by Einar Du Rietz
Only weeks after the peculiar, entirely symbolical and possibly dangerous Earth Hour gimmick, it’s now the 42’nd Earth Day. Hard to be against the Earth, but I’ve never understood the tendency to use these events to suggest an ongoing conflict between the earth and humanity.
CFACT International President David Rothbard comments:
“Celebrate them all, we should. But as faithful followers of CFACT know, today’s environmentalism (at least the kind that gets all the attention) isn’t so much about reveling in the beauty of nature and its amazements as it is in using this lofty matter to hammer away at human productivity, prosperity, and plenty. Saddest and ironic of all, of course, is that people prospering is the very thing that helps us steward the environment the best.”
You might add that without humans, there wouldn’t be an Earth Day, or that without human action, in the form of development and exploitation, there would be no humans. Ecological nostalgia is sometimes tempting to some, but I believe we all realize that if time travel was possible, none of us would survive even minutes in a prehistoric era.
So, let’s take the opportunity to celebrate the innovations that increasingly is making it possible to lead a life even in areas still ridden by hardship. Not of prehistoric proportions, but at least with meagre possibilities to adjust housing and clothing to the weather, choose what we eat, or even have access to fresh drinking water.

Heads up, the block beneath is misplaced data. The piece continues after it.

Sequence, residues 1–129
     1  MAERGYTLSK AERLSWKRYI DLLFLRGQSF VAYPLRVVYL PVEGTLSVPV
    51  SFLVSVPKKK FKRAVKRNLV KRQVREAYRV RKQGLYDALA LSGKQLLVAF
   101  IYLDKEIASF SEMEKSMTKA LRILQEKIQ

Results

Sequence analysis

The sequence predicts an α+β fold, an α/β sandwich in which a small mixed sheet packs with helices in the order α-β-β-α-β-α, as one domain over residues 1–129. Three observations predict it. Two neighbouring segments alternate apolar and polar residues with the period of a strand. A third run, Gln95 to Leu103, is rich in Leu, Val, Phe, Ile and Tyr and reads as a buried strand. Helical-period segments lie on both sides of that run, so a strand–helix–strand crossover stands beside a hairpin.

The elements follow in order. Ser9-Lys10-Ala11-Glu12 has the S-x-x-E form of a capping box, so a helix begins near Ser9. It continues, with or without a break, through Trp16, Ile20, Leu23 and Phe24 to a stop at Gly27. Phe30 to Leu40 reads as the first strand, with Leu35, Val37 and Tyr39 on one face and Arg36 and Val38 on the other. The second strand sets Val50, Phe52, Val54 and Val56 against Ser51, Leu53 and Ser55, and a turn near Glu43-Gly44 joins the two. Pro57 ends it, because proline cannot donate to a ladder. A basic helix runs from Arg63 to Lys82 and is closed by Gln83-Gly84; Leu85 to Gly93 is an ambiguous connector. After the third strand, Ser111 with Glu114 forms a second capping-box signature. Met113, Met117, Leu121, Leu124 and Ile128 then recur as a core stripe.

Today’s sunny news is that Brittish scientists now have shown that hidden groundwater resources wating to be exploited in Africa, may amount to a hundred times the more shallow wells being used today.
“We estimate total groundwater storage in Africa to be 0.66 million km3 (0.36–1.75 million km3). Not all of this groundwater storage is available for abstraction, but the estimated volume is more than 100 times estimates of annual renewable freshwater resources on Africa. Groundwater resources are unevenly distributed: the largest groundwater volumes are found in the large sedimentary aquifers in the North African countries Libya, Algeria, Egypt and Sudan. Nevertheless, for many African countries appropriately sited and constructed boreholes can support handpump abstraction (yields of 0.1–0.3 l s−1), and contain sufficient storage to sustain abstraction through inter-annual variations in recharge.” (Environmental Research Letters)
Getting access to this life saving resource will require skill and technology. Luckily, both have been let to flourish in parts of the world, less hurt by dictatorships, wars, socialism and misguided green activism and legislation.